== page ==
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September 14, 2021updated 07 Sep 2021 2:52pm

Thermal power generation share to become negligible in Colombia in 2030

Thermal power is expected to considerably decline in Colombia from 2020 to 2030 as the road is paved for renewable alternatives.

By GlobalData Energy

GlobalData’s latest report, ‘Colombia Power Market Outlook to 2030, Update 2021 – Market Trends, Regulations, and Competitive Landscape,’ discusses the power market structure of Colombia and provides historical and forecast numbers for capacity, generation and consumption up to 2030. Detailed analysis of the country’s power market regulatory structure, competitive landscape and a list of major power plants are provided. The report also gives a snapshot of the power sector in the country on broad parameters of macroeconomics, supply security, generation infrastructure, transmission and distribution infrastructure, electricity import and export scenario, degree of competition, regulatory scenario and future potential. An analysis of the deals in the country’s power sector is also included in the report.

In Colombia, thermal power generation held a share of 21.4% in total annual generation in 2020. This share is expected to drop to 1.9% in 2030. Hydropower is the dominant source of power generation in the country. In 2020, hydropower accounted for a share of 75.9% in the country’s generation mix. During 2021–2030, the country plans to maintain the dominance of hydropower but at the same time gradually shift from thermal power generation to renewable power generation.

Hydropower will continue to dominate annual power generation in Colombia till 2030. However, hydropower generation in the country has become increasingly vulnerable to weather variability, specifically the hot and dry conditions associated with the El Nino effect. As the country does not have nuclear power, it plans to increase the share of renewable sources in its generation mix to reduce its dependence on hydropower. The country is situated in the equatorial zone, making it rich in renewable power sources. Colombia plans to use these renewable sources in its future electricity generation mix to create a resilient and secure power supply. The government has also mandated power distribution companies to procure at least 10% of the power they distribute from renewable sources, which is expected to further strengthen the renewable sector.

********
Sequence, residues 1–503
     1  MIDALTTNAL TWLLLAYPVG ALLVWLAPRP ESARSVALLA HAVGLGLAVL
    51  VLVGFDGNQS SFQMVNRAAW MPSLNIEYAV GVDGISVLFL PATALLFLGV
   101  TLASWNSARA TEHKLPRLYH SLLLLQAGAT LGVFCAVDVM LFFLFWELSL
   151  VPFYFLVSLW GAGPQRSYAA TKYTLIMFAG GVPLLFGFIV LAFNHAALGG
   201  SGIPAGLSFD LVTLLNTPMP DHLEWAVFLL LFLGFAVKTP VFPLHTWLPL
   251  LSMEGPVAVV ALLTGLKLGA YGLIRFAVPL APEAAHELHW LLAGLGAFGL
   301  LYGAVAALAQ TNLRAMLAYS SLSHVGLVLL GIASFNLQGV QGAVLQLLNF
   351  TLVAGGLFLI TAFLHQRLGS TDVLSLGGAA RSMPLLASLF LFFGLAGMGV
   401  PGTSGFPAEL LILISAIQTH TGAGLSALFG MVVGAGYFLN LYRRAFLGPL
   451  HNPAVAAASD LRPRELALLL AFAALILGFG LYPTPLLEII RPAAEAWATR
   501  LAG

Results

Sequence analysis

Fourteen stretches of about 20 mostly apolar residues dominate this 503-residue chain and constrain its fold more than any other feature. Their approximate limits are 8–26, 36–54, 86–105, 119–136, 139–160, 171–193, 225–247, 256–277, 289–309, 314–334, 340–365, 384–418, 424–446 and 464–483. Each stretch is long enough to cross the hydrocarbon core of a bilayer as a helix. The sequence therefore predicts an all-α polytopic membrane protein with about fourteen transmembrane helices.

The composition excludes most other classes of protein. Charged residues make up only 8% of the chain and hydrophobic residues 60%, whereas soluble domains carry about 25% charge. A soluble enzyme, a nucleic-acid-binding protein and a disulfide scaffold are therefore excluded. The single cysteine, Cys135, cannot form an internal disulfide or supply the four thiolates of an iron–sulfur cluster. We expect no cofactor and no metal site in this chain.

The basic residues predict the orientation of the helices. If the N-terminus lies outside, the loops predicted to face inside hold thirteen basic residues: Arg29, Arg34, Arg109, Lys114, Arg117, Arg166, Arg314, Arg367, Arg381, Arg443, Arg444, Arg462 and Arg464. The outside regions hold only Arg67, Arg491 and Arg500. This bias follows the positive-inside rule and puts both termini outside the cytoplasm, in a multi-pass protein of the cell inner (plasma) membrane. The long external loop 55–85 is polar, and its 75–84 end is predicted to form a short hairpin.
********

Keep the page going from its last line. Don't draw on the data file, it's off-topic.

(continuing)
Renewable energy auctions have paved the way for the rapid development of the sector in Colombia. The auction mechanism, which started in 2019, has to date offered around 2.5GW of renewable capacities in the two rounds the government conducted. In June 2021, the government launched the third round of auctions in which more than 5GW of renewable power capacity is expected to be offered. With this, rapid deployment of solar PV and wind projects is expected in the country in the next two years. Colombia is a party to the Paris Climate Agreement and as per its Nationally Determined Contribution following the agreement, the Colombian Government is planning to reduce greenhouse gas emissions by 51% in 2030 compared to the baseline scenario, and these renewable energy auctions will help the country achieve this target.

In Colombia, the first case of Covid-19 was detected in March 2020. To reduce the spread of the pandemic, the government implemented national lockdowns and travel restrictions and social distancing measures. Several sectors, including the power sector, were hit due to the Covid-19 pandemic. As non-essential services and commercial establishments remained closed due to the national lockdown, electricity consumption dropped significantly in 2020. The electricity consumption decreased by 6.5% in 2020 as compared to 2019. Moreover, several transmission infrastructure expansion projects of major utilities including Grupo Energia Bogota and Celsia Colombia witnessed delays. The Covid-19 pandemic also impacted the under-construction hydropower projects in the country. In June 2020, Empresas Públicas de Medellín, one of the major utilities in the country, announced that its Hidroituango hydropower plant with a capacity of 2.4GW is facing delays due to the Covid-19 pandemic and the construction is now expected to complete in 2022 instead of 2021.

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